Redrow urges pay hike for apprentices and better teaching of English and maths

By Simon Penfold | Business | Published:

Housebuilder Redrow in the Midlands is calling for higher wages for apprentices and a complete rethink in the way they are taught English and maths.

Redrow is calling for more pay for apprentices, and better teaching of English and maths

The vice principal of Wolverhampton College is backing the call for an education overhaul, calling for a more practical approach to English and maths skills.

Kirk Hookham, vice principal for curriculum & quality at City of Wolverhampton College, said: "Rather than a trainee bricklayer calculating percentages in abstraction they should be taught how to do so in terms of mixing mortar or how much of a wall they’ve constructed or indeed how to accurately calculate their invoices."

The building firm, headed by founder and former Wolves owner Steve Morgan, is urging the Government to increase apprentice pay rates, saying that low wages are the biggest barrier to young people taking up the training scheme.

In addition, Redrow's new report Building Better Apprenticeships found that one in 10 parents across the Midlands say loss of family benefits when their child starts an apprenticeship is a problem.

The maths and English tuition as part of an apprenticeship is "not fit for purpose" says Redrow, and is too theoretical according to education experts

Karen Jones, group HR director at Redrow, said: “Theory based classroom learning isn’t the right teaching method for every apprentice, and with a third of people failing to complete their apprenticeships, it is more important than ever that we identify why this might be the case.

"Ensuring that maths and English subjects are taught in a way that is as relevant to an apprentice’s role as possible would be a good place to start.

“As well as this, money is a barrier for apprenticeship take up."


Currently apprentice pay in the first year is just £3.50 per hour, rising to £3.70 from next month.

Karen Jones said: "At Redrow, we pay a first year starting wage of £4.75 per hour, 35 per cent more than the standard rate and therefore recommend that first year wages rise in line with the National Minimum Wage (£5.90 per hour).

"We also recommend that families keep access to benefits when their child starts their apprenticeship. If the Government wants to increase apprenticeship uptake and genuinely wishes to advance social mobility, reducing the financial burden for young people and families is vitally important.”

Kirk Hookham of Wolverhampton College, backed the report's findings. The college supports 1,000 apprentices a year into roles from the creative arts to construction.


"While apprenticeship starts have slowed dramatically elsewhere, we see strong demand for the qualification," said Mr Hookham.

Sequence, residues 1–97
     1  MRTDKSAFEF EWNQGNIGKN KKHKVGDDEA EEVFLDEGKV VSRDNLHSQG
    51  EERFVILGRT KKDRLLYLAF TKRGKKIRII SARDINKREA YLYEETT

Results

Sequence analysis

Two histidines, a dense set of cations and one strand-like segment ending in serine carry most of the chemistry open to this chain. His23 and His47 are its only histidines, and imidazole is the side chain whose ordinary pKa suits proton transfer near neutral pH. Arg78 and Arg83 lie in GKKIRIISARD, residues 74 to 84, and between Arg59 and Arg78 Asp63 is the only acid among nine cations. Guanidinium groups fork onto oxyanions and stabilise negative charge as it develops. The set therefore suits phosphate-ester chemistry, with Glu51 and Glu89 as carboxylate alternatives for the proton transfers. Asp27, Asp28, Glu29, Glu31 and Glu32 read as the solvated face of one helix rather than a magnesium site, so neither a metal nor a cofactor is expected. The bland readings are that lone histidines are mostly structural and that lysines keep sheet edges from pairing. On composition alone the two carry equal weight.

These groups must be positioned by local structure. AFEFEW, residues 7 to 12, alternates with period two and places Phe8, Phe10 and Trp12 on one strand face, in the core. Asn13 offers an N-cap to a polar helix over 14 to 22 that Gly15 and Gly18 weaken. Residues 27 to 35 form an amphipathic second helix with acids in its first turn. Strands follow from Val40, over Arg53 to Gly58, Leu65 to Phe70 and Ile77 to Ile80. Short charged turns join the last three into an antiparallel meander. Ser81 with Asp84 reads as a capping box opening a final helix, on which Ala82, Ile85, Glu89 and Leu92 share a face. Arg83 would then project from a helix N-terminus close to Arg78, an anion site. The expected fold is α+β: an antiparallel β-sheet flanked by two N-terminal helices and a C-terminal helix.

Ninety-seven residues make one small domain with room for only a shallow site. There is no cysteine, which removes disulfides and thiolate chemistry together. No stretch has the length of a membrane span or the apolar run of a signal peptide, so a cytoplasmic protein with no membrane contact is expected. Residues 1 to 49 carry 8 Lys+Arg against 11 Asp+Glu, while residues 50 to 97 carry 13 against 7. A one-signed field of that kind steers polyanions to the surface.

"However, there are elements of apprenticeship frameworks that aren’t quite fit for purpose and that we believe, if reformed, could lead to many more people entering and completing them.

"Central to this is the issue of maths and English skills. Advanced apprentices must achieve at least a grade C/4 at GCSE level in both subjects before they embark on their course or they must achieve both qualifications while they are studying. If they do not reach this level, then they do not pass their apprenticeship - I see this happening time and again for many learners.

"In my view, it is right and proper that everyone has a good understanding of maths and English as both are vital for success in any career path. Yet the way that these modules are designed is problematic.

"Both subjects are assessed just like they were at secondary school – in an all too often theoretical manner. This means the modules rarely impart skills that are vocationally or technically relevant to an apprentice’s chosen career path.

"From my experience, I see this is demotivating for them as many start an apprenticeship with the view that their school days are behind them.

"Therefore, we need a paradigm shift in the way that maths and English skills are imparted over the course of an apprenticeship – that would focus on practical examples of how both subjects can be applied to an apprentice’s chosen role.

"For example, rather than a trainee bricklayer calculating percentages in abstraction they should be taught how to do so in terms of mixing mortar or how much of a wall they’ve constructed or indeed how to accurately calculate their invoices. Not only will this ensure learners are more likely to engage, but they will subsequently have skills they can directly apply to their jobs.

"The best teachers understand this and use practical examples like this in their lessons, but the way assessments are carried out as part of an apprenticeship is on a theoretical basis which can disadvantage learners.

"This is why I am supporting Redrow’s call to make sure apprenticeships are reconfigured to focus on applied maths and English skills. This will ensure that more people who enter an apprenticeship develop the skills they need to complete their qualifications and get their foot on the career ladder."

Simon Penfold

By Simon Penfold
Business Editor - @SPenfold_star

Business Editor based at the Express & Star's head office in Wolverhampton, looking for stories big & small.


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